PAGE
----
Why boards now need to put long-term focus on employee welfare
The role of the board has changed a lot in recent times. After years of bad publicity over corporate governance, traditional supervisory boards with little external accountability have given way to new entities that set values, create standards, and are more responsible for strategic direction than they used to be.
As part of this increased remit, boards are also expected to balance the commercial needs of businesses while simultaneously ensuring they act responsibly towards employees.
The question now – in the light of recent events – is whether this focus on people is currently going far enough?
Where we are now
Even before the Covid-19 crisis hit in early 2020, the trend towards board oversight over workforce issues was already growing. EY said as much in a report on board priorities, authored in 2019:
“Boards should look to oversee the company’s strategy for workforce agility and related cultural initiatives to address broad impacts on business and the workforce, plan for change and future skills, diagnose and realize diverse workforce potential, and drive leadership development and adaptability”.
Since the Covid-19 outbreak, the focus has shifted even more in this direction. There is now a growing interest in how companies care for and safeguard people on a more personal and emotional level. It’s become about wellbeing as well as productivity and potential.
This is not surprising. More than ever, organisations need to consider the mental health and wellbeing of their staff. Many people have had to work on the front line and have experienced emotional stress. Others live in fear of losing their jobs. The long-term effects of remote working on a mass scale – with lines between home and family blurring – are not yet known.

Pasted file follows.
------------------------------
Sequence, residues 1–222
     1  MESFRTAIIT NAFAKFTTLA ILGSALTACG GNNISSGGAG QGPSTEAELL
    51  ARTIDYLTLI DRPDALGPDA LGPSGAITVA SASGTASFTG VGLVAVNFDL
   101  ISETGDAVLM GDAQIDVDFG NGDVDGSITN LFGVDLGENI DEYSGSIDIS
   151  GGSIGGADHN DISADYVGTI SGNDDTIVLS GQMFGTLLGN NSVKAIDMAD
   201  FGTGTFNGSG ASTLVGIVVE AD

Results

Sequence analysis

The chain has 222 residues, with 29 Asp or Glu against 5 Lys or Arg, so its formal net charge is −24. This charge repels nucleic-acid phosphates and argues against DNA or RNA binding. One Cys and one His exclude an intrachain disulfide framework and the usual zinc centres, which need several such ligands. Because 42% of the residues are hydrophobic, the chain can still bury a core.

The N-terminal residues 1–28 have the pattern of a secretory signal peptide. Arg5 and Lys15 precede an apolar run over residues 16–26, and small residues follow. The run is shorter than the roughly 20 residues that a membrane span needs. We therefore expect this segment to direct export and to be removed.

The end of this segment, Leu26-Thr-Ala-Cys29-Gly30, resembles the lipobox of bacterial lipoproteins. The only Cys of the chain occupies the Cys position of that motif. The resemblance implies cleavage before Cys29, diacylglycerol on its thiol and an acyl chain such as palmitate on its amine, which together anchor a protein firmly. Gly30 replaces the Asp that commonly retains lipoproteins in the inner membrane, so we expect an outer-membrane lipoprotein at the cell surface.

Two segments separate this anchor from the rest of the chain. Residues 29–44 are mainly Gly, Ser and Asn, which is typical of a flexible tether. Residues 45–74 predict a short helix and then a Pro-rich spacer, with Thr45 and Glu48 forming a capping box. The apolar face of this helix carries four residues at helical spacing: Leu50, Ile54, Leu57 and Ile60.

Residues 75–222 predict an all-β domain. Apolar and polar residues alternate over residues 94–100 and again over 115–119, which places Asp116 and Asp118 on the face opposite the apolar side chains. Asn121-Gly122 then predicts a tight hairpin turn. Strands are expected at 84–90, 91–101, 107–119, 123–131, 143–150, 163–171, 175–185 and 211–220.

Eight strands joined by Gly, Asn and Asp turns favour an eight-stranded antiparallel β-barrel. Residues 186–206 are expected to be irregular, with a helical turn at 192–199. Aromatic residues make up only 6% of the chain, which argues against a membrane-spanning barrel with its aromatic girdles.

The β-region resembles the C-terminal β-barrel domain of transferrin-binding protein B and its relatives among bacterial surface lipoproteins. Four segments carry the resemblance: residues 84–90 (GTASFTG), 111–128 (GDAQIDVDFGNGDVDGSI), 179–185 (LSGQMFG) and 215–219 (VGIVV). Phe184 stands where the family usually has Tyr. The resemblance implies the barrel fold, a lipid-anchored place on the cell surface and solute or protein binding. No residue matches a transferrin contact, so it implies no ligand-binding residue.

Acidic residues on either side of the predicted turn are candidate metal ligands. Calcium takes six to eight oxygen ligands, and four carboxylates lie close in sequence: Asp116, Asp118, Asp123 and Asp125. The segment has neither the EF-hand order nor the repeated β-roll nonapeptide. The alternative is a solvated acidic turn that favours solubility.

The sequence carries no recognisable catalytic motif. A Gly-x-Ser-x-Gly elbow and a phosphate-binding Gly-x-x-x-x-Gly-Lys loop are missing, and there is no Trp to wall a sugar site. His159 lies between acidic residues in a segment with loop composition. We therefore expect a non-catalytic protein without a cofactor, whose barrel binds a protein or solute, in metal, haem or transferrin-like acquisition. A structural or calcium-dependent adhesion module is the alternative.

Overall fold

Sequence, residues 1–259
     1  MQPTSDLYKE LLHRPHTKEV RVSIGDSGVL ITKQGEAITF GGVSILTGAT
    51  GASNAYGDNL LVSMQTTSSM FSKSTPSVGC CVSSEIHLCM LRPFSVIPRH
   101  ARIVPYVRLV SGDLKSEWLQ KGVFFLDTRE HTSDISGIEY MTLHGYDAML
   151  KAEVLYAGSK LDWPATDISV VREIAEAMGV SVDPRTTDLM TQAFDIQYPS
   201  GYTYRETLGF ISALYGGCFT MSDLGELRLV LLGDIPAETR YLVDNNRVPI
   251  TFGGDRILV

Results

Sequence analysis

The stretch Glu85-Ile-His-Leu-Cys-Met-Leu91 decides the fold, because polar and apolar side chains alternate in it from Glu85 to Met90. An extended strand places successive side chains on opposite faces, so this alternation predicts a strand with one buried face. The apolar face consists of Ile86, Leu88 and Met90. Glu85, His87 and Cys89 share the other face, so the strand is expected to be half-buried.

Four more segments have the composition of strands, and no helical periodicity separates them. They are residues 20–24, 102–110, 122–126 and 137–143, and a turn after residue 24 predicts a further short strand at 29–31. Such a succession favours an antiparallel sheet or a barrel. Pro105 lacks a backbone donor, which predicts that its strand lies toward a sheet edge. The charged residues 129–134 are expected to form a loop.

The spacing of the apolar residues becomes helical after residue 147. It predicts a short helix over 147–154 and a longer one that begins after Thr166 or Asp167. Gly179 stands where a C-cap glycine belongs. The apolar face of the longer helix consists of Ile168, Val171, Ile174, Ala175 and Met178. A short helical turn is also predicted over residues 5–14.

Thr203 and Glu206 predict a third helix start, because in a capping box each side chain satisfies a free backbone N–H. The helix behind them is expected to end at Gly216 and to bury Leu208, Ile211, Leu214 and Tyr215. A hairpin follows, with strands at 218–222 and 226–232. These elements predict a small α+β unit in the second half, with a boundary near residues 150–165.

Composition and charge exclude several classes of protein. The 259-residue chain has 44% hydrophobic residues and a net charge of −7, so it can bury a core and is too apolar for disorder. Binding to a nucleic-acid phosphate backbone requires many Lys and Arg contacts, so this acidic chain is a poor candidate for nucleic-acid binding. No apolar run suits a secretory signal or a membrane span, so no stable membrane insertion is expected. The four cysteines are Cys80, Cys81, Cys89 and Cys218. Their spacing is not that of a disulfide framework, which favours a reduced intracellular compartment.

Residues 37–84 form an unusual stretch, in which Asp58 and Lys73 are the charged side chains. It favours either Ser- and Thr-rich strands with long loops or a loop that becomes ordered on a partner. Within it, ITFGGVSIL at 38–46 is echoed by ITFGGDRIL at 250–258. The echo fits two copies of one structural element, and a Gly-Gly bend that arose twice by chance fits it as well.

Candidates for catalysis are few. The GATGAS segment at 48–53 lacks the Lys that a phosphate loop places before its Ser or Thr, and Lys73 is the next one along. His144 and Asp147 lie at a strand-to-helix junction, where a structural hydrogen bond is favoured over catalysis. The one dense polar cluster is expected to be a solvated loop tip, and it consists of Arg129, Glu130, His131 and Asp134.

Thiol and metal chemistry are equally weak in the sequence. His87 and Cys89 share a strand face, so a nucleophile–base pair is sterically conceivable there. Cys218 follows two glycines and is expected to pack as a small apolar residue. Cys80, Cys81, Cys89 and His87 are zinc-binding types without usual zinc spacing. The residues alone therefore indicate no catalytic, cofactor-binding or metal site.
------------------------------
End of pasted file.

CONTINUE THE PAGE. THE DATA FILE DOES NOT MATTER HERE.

Boards have a responsibility to take account of all these factors – not just for the sake of employees, but also for the long-term health of the organisations they oversee. Businesses simply can’t operate properly with a dysfunctional, worried workforce.
What boards need to do
These converging factors mean that boards now need to take certain actions to make people a priority. As a minimum, they need to:
- Put more focus on people by considering their emotional wellbeing, not just their productivity, and how they align with company values.
- Formalise this focus by insisting that their organisations take regular workforce pulse surveys as part of regular HR-focused performance reviews.
- Think about how they can assess current skills within the organisation, whether those skills fit current challenges, and whether different skills will be needed for the future.
- Make sure succession plans are in place to recruit replacements and new staff where necessary.
- Ensure that all measures have been taken, in conjunction with the HR team, to ensure that employees can work in an environment with a long-term plan to keep them happy and fulfilled.
- Review technology that is already in place, or will be needed in the future, to support people as they work more remotely.
Why these actions are also important for long term success
The common factor in all these points is that they are not just valid for the here and now. They represent a good practice that will put boards in a good position to keep a tight grip on employee and leadership issues as we move forward into the future.
That future – according to most predictions – is going to be characterised by permanent changes to the way we all work, prolonged period of economic uncertainty, and possible further large-scale disruptions caused by social and geopolitical upheavals.
Not so long ago, most organisations would have said that their primary concern at all times was the customer. As we move forward into the ‘new normal’, boards will need to help their organisations understand that the satisfaction and wellbeing of employees is just as important.
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